National Parks to close, but BLM and National Forests open — Barker

Rocky Barker has a blog today about the upcoming status of public lands in the government shutdown.

National forests and BLM lands will remain open but national parks close. By Rocky Barker. Idaho Statesman

Update. Looks like some deal was worked out late Friday night. Government remains open

If gov’t shuts down, what happens to visitors in the national parks?

Shutdown is likely. National Parks will be closed. Other public lands?

It looks more and more like a government shutdown of uncertain duration. Dept of Interior just made it clear that national parks and monuments will be closed down and “secured.”  I have to wonder what will happen come Saturday to all those currently inside of big parks like Yellowstone?

DOI said national wildlife refuges and BLM visitor facilities will be closed. I don’t know how they can bar entry to the hundreds of millions of acres of scattered BLM lands, but a lot of NWRs could have the access gates of major roads locked shut. National forests? That is the USDA. I haven’t read a statement from them.

We were on our way to some national parks, so I guess a lot of plans are being disrupted and people angry at the buffons in Congress. While others will no doubt disagree with me, I blame the tea party Republicans foremost for this totally avoidable problem of uncertain, but probably severe magnitude.

Oil industry demand for more drilling permits to lower oil prices is phoney

The argument that more drilling, fewer regulations will bring down oil price spikes is a tired old story-

The oil industry recycles it for every international crisis, nevertheless; and the media take it seriously (sort of). Once again they are exposed, although simple logic tells us that a strategy that takes years to implement will not impact a short term price jump.

Oil and Gas Industry sitting on 7,200 drilling permits. By Environment & Energy and Environment Daily on March 29, 2011

Cows, What a many Splendored Thing

Click to view in Google Maps

Last week I went out with a co-worker to check out what was going on in the Jarbidge Field Office where Western Watersheds Project has won a court victory that ends corporate ranching on 450,000 acres of public land. When we arrived we found cattle on several of the allotments even though the injunction is in place.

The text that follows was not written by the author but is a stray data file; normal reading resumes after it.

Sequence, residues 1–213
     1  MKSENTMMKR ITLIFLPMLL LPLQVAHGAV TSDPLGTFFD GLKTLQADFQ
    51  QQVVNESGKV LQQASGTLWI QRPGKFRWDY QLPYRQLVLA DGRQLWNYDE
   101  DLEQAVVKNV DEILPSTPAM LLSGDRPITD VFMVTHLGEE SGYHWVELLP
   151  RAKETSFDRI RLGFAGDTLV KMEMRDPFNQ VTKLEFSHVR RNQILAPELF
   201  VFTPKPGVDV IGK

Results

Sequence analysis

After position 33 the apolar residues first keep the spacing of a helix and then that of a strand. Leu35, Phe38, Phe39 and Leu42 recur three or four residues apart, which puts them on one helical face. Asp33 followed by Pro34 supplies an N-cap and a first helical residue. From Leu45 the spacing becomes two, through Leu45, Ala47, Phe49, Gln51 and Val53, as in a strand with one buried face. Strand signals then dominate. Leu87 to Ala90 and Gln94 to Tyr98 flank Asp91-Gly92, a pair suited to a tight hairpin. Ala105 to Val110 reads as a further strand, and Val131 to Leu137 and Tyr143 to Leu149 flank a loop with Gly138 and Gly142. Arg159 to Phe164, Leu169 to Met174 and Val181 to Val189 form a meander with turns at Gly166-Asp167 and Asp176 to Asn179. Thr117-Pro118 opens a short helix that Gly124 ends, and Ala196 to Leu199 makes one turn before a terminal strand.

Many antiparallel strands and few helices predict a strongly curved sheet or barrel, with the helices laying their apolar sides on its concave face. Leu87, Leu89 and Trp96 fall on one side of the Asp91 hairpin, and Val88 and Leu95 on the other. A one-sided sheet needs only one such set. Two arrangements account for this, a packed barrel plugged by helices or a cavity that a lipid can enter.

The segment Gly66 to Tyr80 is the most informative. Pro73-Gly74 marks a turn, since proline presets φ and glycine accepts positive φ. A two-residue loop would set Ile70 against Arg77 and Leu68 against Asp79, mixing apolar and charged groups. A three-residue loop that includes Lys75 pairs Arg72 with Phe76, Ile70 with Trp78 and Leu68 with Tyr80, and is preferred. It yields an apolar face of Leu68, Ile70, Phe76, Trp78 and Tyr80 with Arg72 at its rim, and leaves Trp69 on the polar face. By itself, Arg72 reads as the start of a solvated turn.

The ranchers are asking the judge to stay the injunction and say that they have met all of the terms of the stipulated settlement agreement (SSA) which has expired. They argue that utilization monitoring has shown that they have not exceeded the terms and conditions of their permits or the SSA and, because of this, sage grouse habitat has improved. Even if they have met the terms and conditions of their permits and the SSA, which I won’t say one way or the other, the BLM’s Analysis of the Management Situation (AMS) notes that the Jarbidge suffered the cumulative loss of 800,000 acres of sagebrush-steppe habitat from 1982 through 2006, such that 46% of the JFO is no longer sage-steppe habitat. This doesn’t even account for the massive fires which have burned since 2007 such as the Murphy Complex of 2007 and the Long Butte Fire in 2010. Sage grouse and other sage steppe dependent species are in dire straits in the Jarbidge and as the WWP press release says:

“Recent data from the Idaho Department of Fish and Game shows that sage-grouse populations in the Jarbidge Field Office are in a free fall, with declines of over 90% since 2006 alone. For example, in the Browns Bench area of the Field Office, total male sage-grouse lek counts are down from 185 in 2006 to 29 in 2010, and some areas are in an even steeper decline.”